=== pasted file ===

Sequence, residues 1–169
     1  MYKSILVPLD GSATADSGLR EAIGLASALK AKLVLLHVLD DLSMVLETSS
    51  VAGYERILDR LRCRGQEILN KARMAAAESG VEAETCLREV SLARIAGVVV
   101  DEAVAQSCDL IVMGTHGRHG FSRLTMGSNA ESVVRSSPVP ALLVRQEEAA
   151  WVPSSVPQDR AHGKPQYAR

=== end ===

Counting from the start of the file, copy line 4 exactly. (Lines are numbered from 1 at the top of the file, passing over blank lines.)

   101  DEAVAQSCDL IVMGTHGRHG FSRLTMGSNA ESVVRSSPVP ALLVRQEEAA